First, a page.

Happiness Zengeni and Martin Kadzere—
The Reserve Bank of Zimbabwe is set to introduce bond notes to curb money flowing out of the country, while measures have been put in place to promote the widespread use of multi-currencies to arrest the obtaining cash shortages. The bond notes, just like coins that were introduced in 2014, will be backed by the $200 million Afreximbank nostro-support facility which is expected to provide a cushion on the high demand for foreign exchange.
RBZ Governor Dr John Mangudya did not provide a date when the notes will be introduced, saying “it is not an overnight process,” as they are currently at design stage. “We are still working on a design, which will be sent for printing outside the country. The notes will not be introduced immediately but probably within the next two months.”
Dr Mangudya emphasised that the introduction of the notes did not signal the return of the Zimbabwean dollar, but was only a safety net against illicit financial flows. “This does not signal the reintroduction of the Zimbabwe currency. The fundamentals are not yet right for its comeback. This is just a measure to curb illicit flows out of the country.”
Highlights . . .
- Issue date still to be announced
- Everything still at design stage
- Bond notes to be in $2, $5, $10 and $20 denominations.
- Proposed notes to be at par with US dollar.
- Notes to be backed by $200 million Afreximbank Nostro-support facility.
- Move not a return to Zimdollar era.
- Maximum cash that can be taken out of Zimbabwe reduced to 1 000 for USD and Euro, and 20 000 for rands, with immediate effect.
The central bank chief said the $200 million facility will also provide an incentive facility of 5 percent on all foreign exchange receipts, including gold and tobacco sales proceeds. The bond notes, which are meant to curb capital flight of United States dollars will be in denominations of $2, $5, $10 and $20 and will be an extension of the coins already in circulation, the RBZ Governor said, adding that they will be at par with the US dollar.
“In order to mitigate against possible abuse of this ($200 million) facility through capital flight, proceeds from the fund shall be granted to qualifying foreign exchange earners in bond coins and notes, which shall operate alongside the currencies within the multi-currency system and at par with the US dollar,” the governor said.
He said bond coins will also be used as discount trade-related paper to provide liquidity for trading operations. The central bank has also reviewed maximum daily cash that can be taken inside the banking hall and at Automated Teller Machines to 1 000 for US dollar and Euro and 20 000 for rands.
Maximum cash that can be taken out of the country has also been reduced to 1 000 for USD and Euro, and 20 000 for rands, with immediate effect. The central bank noted that most retailers, local authorities, learning institutions, service stations and the informal traders were operating without point of sale machines, and a directive was given that they should, with immediate effect install the POS devices to promote the use of plastic money.
With effect from today, the central bank will convert 40 percent of new US dollar foreign exchange receipts and 10 percent to Euros. This is aimed at ensuring wide spread of currencies and minimise against concentration risk of using the US dollar. The central and the business have come up with a priority list to guide the distribution of foreign currency towards competing demands.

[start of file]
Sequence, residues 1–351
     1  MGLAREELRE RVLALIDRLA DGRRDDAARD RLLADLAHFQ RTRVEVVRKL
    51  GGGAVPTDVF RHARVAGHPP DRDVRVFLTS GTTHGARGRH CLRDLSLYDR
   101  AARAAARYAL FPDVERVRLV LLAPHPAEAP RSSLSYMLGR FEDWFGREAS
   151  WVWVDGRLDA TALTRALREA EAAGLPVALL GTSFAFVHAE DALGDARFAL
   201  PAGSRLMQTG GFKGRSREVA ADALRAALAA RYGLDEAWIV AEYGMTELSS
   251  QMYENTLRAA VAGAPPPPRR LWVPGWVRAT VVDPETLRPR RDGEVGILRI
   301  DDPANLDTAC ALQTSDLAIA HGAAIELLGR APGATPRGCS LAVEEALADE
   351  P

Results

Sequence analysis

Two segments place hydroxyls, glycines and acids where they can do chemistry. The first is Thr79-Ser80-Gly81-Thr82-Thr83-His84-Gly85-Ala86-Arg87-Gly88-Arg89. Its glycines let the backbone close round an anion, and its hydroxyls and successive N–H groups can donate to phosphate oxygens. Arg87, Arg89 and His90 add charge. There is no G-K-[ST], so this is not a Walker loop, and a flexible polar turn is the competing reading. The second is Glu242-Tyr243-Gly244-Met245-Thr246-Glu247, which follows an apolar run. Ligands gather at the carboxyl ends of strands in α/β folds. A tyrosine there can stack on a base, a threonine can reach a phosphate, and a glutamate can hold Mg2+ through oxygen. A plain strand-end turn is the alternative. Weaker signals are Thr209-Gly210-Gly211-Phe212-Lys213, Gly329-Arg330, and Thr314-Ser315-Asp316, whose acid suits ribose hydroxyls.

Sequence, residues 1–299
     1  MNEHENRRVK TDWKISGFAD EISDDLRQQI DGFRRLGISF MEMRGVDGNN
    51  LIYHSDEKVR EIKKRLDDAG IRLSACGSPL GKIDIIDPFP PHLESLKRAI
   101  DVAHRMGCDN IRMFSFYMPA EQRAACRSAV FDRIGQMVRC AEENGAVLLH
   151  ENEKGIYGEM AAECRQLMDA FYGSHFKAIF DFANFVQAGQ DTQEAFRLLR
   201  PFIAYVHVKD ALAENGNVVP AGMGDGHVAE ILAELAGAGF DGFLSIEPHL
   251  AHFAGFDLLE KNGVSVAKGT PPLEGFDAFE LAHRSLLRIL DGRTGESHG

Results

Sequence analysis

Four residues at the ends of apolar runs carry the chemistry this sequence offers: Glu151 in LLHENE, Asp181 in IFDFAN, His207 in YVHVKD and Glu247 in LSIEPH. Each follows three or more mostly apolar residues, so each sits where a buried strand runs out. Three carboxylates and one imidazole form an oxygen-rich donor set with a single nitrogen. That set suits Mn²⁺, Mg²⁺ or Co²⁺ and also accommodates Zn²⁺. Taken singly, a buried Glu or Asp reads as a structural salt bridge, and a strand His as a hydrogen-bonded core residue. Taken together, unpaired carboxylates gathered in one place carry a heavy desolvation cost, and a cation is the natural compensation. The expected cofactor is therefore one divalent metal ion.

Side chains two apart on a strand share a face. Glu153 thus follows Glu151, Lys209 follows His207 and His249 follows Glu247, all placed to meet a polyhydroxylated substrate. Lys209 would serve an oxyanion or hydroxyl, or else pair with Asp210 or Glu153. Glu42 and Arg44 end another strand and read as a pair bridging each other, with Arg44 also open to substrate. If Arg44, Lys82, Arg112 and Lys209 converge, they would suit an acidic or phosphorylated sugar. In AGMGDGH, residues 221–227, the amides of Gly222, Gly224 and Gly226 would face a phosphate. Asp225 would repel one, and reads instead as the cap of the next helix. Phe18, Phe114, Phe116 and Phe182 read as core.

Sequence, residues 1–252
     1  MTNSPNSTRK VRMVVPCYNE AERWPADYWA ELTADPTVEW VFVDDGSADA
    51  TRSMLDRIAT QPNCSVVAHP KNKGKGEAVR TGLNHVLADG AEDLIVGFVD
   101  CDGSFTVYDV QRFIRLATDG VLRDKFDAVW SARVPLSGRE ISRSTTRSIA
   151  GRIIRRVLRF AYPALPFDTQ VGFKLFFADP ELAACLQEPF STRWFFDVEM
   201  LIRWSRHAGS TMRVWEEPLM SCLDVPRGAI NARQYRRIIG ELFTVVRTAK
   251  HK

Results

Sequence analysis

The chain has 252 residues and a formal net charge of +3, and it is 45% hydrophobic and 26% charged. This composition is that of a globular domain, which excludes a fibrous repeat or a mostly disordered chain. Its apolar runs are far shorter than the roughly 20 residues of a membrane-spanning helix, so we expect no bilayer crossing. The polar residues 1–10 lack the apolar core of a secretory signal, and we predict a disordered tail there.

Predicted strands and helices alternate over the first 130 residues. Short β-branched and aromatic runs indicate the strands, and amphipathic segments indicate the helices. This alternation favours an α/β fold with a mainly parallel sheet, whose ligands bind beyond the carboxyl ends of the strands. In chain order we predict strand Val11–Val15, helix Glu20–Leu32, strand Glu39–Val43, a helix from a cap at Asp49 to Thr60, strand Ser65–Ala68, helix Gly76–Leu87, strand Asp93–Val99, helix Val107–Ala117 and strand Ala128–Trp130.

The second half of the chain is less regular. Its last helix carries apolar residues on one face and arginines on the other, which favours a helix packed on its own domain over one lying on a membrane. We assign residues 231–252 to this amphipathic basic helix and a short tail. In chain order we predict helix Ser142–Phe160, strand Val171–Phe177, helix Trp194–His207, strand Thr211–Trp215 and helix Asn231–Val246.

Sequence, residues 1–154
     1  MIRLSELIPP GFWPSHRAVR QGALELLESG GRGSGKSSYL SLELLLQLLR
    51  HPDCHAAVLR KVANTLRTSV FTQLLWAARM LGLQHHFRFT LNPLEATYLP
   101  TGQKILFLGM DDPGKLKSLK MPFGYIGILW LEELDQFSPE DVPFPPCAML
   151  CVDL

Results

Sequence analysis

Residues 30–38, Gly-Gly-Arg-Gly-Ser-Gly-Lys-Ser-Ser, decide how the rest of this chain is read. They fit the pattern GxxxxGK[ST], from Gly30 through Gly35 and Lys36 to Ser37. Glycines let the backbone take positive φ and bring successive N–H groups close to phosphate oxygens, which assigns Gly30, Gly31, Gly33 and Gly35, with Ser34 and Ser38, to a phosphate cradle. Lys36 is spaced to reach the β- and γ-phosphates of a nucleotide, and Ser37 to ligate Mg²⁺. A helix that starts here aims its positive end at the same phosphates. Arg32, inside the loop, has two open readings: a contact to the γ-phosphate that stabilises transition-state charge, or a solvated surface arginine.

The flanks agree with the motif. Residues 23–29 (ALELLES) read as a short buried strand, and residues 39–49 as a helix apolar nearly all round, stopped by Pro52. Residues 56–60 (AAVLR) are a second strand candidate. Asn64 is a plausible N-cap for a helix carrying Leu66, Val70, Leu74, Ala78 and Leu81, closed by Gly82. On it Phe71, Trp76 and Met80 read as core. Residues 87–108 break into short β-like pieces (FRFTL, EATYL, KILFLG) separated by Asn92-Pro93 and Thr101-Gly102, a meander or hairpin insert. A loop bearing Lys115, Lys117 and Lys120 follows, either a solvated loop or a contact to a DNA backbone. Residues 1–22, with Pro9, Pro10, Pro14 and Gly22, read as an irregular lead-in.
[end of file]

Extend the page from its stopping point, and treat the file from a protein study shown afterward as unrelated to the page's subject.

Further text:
“The policy stance will ensure that the available foreign exchange resources are efficiently appropriated towards those sectors of the economy with the capacity to generate forex,” said Dr Mangudya. “This will help reduce the country’s import bill and at the same time enhancing production across all sectors of the economy.” He said to encourage the widespread use of other currencies, payments of imports should be done using the currency of origin.
And for effective promotion of other currencies, product pricing would need to be reflective of the multi-currency system. “Accordingly, in view of the fact that most products in Zimbabwe are from South Africa, it is pertinent that shop owners and businesses should think in rand terms as opposed to abstract US dollar prices,” said Dr Mangudya.
Zimbabwe has been experiencing cash shortages during the past few weeks which has seen some banks cutting withdrawal limits. The major reasons for cash shortages include dysfunctional multi-currency system which has seen the country predominantly using the greenback as anchor currency unlike in 2009 (when multi-currency was introduced) where 49 percent of the transactions were done in rand.
Low usage of plastic money and Real Time Gross Settlement, low confidence and inefficient utilisation of scarce foreign currency have also resulted in cash shortages.
The strong US dollar has made Zimbabwe a high cost producing country, expensive destination for tourists and externalisation continued to put pressure on the country’s balance of payment position. In order to promote a savings culture, the central bank has, with immediate effect, requested all banking institutions to open special savings products which will have a minimum balance of $10 000 or 10 000 euro, 20 000 rands on a term structure of 6 months. An annual compounded interest rate of 5 percent on US dollar and euro balances and 10 percent on rand deposits. The products should be tax free.